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Surely one minor scale is enough! It would certainly make things easier, but in a lot of cases it would not sound as easy on the ear. OK, so we need to use the notes of the major scale in a way that makes the whole thing sound sad or haunting.

Playing the major scale pitches downwards starting on the 6th degree for an octave (the natural or relative minor) does produce a sad sound but has two serious drawbacks. Firstly, the same scale doesn't sound quite right when going upwards. The reason for this is our second drawback - the scale does not have a leading-note. This is the note that makes all the difference to the chords at the end of a section or piece (the cadence), when the harmonies move pleasantly to the home or tonic chord by using the familiar sounding 7th note going up a semitone to the 8th note. Since all harmonies (chords) are built using the notes of the scale, without the leading note the cadences just don't seem to do their job, sounding more like just two unrelated chords. It was decided that this just wasn't good enough, and the scale must be given a leading note by raising its 7th degree by a semitone, and because we could use this scale going up or down and we built all the harmonies from it, it became known as the Harmonic Minor scale.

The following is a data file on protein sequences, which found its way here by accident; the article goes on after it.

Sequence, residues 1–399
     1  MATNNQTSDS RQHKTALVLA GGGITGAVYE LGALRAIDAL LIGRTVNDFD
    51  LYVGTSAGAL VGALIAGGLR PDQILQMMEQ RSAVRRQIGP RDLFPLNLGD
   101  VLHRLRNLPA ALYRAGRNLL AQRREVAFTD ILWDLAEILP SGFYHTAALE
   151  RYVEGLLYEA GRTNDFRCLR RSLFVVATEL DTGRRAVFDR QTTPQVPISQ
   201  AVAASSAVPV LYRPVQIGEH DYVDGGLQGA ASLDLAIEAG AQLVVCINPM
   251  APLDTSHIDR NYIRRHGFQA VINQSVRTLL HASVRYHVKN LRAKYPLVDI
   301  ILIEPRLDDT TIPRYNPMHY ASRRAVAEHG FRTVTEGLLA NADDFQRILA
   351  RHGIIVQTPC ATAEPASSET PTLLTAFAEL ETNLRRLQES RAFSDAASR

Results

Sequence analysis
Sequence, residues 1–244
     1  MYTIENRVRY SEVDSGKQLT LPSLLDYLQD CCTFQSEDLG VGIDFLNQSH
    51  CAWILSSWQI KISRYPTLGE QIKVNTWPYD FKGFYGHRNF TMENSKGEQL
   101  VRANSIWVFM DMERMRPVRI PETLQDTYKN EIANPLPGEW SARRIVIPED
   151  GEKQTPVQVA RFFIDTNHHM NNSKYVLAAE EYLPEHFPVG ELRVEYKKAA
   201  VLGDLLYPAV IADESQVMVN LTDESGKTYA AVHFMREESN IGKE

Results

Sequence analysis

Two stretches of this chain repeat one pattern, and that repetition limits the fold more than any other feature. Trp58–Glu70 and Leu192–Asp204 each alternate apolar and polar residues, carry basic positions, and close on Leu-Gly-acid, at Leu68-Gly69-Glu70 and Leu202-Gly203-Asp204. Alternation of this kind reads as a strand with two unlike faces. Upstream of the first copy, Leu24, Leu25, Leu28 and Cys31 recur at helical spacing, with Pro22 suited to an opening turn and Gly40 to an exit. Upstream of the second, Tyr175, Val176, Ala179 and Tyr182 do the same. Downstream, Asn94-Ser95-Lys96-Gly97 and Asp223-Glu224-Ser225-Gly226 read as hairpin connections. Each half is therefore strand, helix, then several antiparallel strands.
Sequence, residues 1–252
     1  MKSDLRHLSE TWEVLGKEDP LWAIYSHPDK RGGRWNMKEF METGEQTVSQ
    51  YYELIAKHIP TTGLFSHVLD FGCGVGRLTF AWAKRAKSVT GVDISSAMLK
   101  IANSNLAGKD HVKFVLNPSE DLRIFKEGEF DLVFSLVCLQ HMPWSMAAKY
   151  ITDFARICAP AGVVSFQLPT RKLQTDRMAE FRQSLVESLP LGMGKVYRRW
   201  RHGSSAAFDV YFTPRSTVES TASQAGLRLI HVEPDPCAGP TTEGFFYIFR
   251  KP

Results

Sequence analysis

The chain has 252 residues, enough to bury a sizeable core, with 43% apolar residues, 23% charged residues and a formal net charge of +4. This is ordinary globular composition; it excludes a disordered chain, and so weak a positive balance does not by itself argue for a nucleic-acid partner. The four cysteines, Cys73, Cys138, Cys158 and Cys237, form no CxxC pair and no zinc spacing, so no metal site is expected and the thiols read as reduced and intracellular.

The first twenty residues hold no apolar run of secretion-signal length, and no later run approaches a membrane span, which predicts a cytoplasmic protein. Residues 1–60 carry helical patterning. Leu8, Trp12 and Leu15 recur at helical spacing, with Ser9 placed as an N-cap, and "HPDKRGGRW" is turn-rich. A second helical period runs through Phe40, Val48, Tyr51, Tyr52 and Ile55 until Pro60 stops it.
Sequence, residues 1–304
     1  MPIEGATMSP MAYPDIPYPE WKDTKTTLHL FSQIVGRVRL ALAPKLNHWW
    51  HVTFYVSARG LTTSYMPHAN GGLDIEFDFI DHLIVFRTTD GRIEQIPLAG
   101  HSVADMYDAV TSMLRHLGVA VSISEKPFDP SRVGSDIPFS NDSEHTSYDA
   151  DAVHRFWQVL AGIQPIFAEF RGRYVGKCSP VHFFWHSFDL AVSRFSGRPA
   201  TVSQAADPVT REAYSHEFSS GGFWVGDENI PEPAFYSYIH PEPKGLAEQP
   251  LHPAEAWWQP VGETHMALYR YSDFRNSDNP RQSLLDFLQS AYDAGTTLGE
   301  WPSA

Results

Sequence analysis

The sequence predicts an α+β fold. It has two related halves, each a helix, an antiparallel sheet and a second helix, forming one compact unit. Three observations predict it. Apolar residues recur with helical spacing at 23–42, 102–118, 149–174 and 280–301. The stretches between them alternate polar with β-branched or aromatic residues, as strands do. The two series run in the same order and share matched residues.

So far, so good, but now it was the turn of the vocalists to complain! Singers found it difficult to pitch the gap between the 6th note and the now raised 7th note of the Harmonic Minor scale, this gap now being 3 semitones or a tone and a half. It was decided therefore to adjust the Minor scale so that it was easier to sing but still pleasing to the ear whilst retaining its sad quality. It was also decided that in order to best achieve this, the scale would be made slightly different according to whether the notes were rising or falling. This was the birth of our Melodic Minor scale, named because it was derived from the melody sung, which, compared to the Major scale starting on its 6th degree, had a raised 6th and 7th when ascending but lowered these notes again when falling to revert back to the natural minor scale.

So now we can please everyone. Singers have the Melodic Minor scale that is easy to sing upwards and downwards, and instrumentalists have the Harmonic Minor scale with which to form all our harmonies and chords. As a plus, everyone can also borrow from the other just to be different!

Copyright 2006 Brian Farley, All Rights Reserved.

Author Information:

Brian Farley has been a professional Musical Director and pianist since 1974 and worked worldwide in the top echelons of the entertainment industry. His duet sheet music website "Easy Duets, Sheet Music for Schools, Musical Instrument Students" provides original musical duets and trios for early level students to play together. It also has some good free "reading music notation" information.

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